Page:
fpc073.jpg (45776 bytes)This eight story, neoclassical commercial building was the first steel-framed structure in Houston, and when completed in 1905 was as tall as any building in Texas. The First National Bank building was the first Houston building designed by the architectural firm of Sanguinet & Staats. This statewide architectural firm designed many skyscrapers throughout Texas during the first two decades of this century. Additionally, Staats were considered to be the state's foremost skyscraper architect. Displaying a wide variety of styles, many of the firm's buildings are listed on, or nominated to, the National Register, including the Anderson Building in Fort Worth, the Wilson Building in Dallas, the Post-Dispatch building and several houses along Courtland Place in Houston. The building is located on an important corner in the lower downtown area, once the commercial center of town. The First National Bank occupied and managed the building for fifty-one years and during that time played a significant role in the growth and development of Houston.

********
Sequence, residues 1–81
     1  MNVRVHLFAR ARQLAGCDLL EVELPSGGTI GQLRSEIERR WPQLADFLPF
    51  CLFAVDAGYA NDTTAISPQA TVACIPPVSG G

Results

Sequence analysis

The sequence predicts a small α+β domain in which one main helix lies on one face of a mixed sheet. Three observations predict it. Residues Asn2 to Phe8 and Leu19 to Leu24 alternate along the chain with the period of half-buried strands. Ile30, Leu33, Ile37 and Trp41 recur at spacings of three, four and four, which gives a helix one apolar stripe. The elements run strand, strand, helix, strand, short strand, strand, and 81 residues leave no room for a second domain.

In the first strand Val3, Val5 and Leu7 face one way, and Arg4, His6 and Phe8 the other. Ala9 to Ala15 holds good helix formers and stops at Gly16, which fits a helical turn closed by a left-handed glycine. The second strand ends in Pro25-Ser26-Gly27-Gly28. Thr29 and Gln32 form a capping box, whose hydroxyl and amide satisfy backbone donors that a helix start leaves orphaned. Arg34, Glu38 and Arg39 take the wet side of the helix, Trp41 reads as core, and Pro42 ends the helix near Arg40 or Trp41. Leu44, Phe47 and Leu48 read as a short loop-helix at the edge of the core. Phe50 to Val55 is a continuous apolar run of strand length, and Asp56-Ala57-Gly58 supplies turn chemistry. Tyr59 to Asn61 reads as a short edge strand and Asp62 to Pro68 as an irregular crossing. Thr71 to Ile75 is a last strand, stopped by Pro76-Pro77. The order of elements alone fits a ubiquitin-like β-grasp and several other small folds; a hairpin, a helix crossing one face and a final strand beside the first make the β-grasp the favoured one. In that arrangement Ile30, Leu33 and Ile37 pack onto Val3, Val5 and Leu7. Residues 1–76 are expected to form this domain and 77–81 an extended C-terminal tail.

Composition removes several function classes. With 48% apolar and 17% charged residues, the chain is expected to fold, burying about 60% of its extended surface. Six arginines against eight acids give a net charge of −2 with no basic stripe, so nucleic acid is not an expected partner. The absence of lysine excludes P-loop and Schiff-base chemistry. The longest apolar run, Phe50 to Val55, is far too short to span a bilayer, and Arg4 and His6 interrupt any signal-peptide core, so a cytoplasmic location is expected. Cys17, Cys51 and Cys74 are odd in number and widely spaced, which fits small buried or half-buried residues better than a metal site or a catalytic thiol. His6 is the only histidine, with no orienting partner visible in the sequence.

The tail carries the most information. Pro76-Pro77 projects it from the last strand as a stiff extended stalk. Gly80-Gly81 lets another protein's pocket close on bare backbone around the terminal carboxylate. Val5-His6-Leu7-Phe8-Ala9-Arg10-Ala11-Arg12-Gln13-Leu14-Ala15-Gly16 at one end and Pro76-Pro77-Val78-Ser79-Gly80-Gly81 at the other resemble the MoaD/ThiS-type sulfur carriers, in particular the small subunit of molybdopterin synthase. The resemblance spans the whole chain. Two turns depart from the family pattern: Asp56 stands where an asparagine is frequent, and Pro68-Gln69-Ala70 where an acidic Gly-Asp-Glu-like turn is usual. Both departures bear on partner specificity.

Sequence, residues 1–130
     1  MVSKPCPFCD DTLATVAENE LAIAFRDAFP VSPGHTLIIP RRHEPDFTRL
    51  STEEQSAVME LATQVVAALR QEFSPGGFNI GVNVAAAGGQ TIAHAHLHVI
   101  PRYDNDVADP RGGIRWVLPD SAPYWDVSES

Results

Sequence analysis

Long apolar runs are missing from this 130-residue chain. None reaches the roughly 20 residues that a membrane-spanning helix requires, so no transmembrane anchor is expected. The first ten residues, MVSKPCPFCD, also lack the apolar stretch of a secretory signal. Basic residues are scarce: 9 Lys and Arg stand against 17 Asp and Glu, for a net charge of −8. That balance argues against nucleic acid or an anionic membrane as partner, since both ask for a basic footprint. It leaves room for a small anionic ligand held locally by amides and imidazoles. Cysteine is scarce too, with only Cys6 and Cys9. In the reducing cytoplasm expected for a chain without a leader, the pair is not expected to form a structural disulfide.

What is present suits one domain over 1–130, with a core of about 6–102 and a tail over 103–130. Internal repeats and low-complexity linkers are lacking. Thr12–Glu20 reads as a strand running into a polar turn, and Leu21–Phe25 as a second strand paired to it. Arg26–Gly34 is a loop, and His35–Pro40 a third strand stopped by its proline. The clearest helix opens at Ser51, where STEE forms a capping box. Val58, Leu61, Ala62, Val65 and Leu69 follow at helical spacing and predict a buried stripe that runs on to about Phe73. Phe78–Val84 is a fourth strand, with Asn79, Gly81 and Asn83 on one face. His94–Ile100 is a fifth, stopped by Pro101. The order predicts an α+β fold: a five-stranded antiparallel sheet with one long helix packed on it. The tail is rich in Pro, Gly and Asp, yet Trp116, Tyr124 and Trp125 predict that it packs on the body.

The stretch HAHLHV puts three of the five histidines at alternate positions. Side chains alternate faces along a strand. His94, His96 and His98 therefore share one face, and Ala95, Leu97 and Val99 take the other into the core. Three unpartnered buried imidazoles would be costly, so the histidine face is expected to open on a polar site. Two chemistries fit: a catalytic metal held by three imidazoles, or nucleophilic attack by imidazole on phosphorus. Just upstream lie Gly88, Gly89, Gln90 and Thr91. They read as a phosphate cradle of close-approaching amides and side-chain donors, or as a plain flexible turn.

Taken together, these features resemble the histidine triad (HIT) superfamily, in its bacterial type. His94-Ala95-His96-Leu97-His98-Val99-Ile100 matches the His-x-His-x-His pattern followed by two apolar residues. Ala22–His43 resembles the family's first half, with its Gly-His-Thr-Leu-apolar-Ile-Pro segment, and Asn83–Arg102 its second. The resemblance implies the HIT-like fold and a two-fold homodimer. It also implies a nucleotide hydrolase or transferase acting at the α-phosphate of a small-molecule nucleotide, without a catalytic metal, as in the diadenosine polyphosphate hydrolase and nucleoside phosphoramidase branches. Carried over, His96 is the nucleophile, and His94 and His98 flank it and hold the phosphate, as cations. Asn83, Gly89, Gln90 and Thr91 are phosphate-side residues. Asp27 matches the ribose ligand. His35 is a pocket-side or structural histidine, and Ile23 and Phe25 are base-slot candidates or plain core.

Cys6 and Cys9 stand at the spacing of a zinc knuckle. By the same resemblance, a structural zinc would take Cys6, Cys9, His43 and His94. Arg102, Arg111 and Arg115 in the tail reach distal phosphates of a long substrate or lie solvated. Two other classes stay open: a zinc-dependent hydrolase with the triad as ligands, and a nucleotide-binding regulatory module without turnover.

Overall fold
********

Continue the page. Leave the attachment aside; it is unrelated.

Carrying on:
The designers of the First National Bank Building, Sanguinet and Staats, had been in business since 1903. Sanguinet had practiced in Fort Worth since 1883, and Staats had worked for James Riley Gordon until being hired by Sanguient in 1898. Sanguinet and Staats quickly built a statewide practice and soon became known as "the state's foremost skyscraper architects." Staats was generally the designer in the firm, and Sanguinet was the businessman. They worked throughout Texas, building the tallest structures in Fort Worth, Midland, San Antonio, and Houston. In 1911, the firm completed the 22-story Amicable Life Insurance Building in Waco, the tallest building in the Southwest until 1922. The firm also ushered in a new era of architectural practice. Rather than the typical small office, they established branches in the cities throughout the state and aggressively marketed their firm. They were among the first in Texas to gather a large office of teams consisting of architects, engineers, and support people, creating a professional staff ideally suited for the complicated business of building skyscrapers.